To become a pharmacist, one can have a four-year degree or a two-year pre-pharmacy certificate and then study for four more years for a Pharm. D. degree. I took my degrees from the University of South Carolina at Columbia. When I heard about pediatric pharmacy, I knew that’s what I had to do. I graduated in 1999. And I almost minored in music.
Dan: How did you get into pediatric pharmacy?
Andrea: I did a general practice pharmacy residency at Richland Memorial hospital in Columbia, South Carolina for a year. Then I worked as a general staff pharmacist at Greenville Memorial Hospital in Greenville, South Carolina for four years. Finally I became a pediatric pharmacist for
six years at a Medicaid Clinic in Easley, SC with the Medically Fragile Children’s Program for children who needed more care than the general pediatric population.
The program included a pediatrician, therapist, dietician, pharmacist and a patient educator. The children had to show a medical and emotional benefit and progress. It helped compensate for impact of their conditions. I spent six and a half years there.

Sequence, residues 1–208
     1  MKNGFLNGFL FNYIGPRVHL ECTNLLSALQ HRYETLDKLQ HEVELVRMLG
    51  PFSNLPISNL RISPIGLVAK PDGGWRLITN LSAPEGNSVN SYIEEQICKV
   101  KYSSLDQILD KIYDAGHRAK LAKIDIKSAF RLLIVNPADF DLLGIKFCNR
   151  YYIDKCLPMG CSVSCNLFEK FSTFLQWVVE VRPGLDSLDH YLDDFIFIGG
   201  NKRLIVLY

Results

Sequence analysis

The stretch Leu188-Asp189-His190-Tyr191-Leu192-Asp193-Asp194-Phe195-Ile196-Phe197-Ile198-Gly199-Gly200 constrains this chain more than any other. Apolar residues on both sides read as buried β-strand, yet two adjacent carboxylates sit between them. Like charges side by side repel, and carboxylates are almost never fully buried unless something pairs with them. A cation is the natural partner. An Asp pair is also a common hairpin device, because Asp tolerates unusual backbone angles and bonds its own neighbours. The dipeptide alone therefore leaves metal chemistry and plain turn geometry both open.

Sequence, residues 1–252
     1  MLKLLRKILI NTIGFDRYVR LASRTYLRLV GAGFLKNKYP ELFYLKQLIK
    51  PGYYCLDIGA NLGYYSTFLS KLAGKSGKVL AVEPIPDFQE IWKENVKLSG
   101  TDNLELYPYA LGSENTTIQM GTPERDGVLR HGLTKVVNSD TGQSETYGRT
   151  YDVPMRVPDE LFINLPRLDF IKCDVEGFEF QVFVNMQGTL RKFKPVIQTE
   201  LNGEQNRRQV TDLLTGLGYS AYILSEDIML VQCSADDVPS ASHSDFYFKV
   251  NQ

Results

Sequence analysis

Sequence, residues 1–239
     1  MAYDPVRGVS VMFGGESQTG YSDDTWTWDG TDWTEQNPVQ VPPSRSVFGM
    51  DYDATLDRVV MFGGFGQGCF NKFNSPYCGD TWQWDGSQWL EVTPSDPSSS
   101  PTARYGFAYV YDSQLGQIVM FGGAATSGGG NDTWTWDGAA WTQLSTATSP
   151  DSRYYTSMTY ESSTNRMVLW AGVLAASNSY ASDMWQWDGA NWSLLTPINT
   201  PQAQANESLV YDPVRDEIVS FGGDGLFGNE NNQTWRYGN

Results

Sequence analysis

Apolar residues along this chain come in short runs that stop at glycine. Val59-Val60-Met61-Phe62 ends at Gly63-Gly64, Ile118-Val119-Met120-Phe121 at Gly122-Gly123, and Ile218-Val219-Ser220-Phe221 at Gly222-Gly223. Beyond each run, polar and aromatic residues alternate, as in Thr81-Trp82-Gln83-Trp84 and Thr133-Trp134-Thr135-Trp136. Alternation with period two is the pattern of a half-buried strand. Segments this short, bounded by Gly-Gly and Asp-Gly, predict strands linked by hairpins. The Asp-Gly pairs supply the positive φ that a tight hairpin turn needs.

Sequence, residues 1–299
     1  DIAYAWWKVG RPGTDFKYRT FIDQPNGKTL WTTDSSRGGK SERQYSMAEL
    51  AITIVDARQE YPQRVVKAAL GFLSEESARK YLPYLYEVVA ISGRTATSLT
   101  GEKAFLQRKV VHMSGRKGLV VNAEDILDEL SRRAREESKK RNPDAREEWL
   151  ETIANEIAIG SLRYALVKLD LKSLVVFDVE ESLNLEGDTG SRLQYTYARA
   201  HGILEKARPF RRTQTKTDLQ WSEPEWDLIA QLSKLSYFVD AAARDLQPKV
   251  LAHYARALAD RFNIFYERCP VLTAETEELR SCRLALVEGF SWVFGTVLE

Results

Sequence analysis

Dan: So, how did you come to this area?
Andrea: In 2009, Medicaid changed the program’s method of reimbursement and eliminated the pharmacy program in 2010. I took some part time jobs until I moved here in June of 2011. My sister lives in the Manassas/Woodbridge area. I moved to Woodbridge on September 1, 2011, and started at MWH on September 26, 2011.
Dan: Please describe your work there for us.
Andrea: I have established procedures and protocols for pediatric patients and help in the NICU. To make it safer for both adults and children, we have a program to separate their meds. We push medication safety for the general pediatric population as well, of course.
Dan: Sounds like you enjoy your job.
Andrea: I do enjoy my job very much. I believe it is God’s calling for my life. I do not experience such enjoyment in other areas, except for church music.
Dan: We see you bringing your son to sit with you in the choir during the 9:30 service. He is very well behaved during the service.
Andrea: My son Cameron was a patient at the Medicaid clinic whom I adopted. I “hold the hymnbook” for him even though he is only seven to help him experience the faith and learn music and theology through the hymns. I think children can and should be a part of “big church” from an early age.
Dan: And how did you come to be with us at our church?
Andrea: We were visiting my sister and her family and liked the church. She takes care of Cameron when I’m at work. Typically I leave for work at
6 or 7 AM and get back around 5 0r 6 PM. I have to finish whatever work is there before I can leave. And we all know about the commute around here.
Dan: We sure do. Thank you for talking with me. I’ll put this up on my blog, Biscuit City as an Occupation I Never Knew Existed feature. It’s great to know you and to have you as singer in our choir!
Andrea: Thank you. It’s great to be here and I enjoy singing with the choir so much.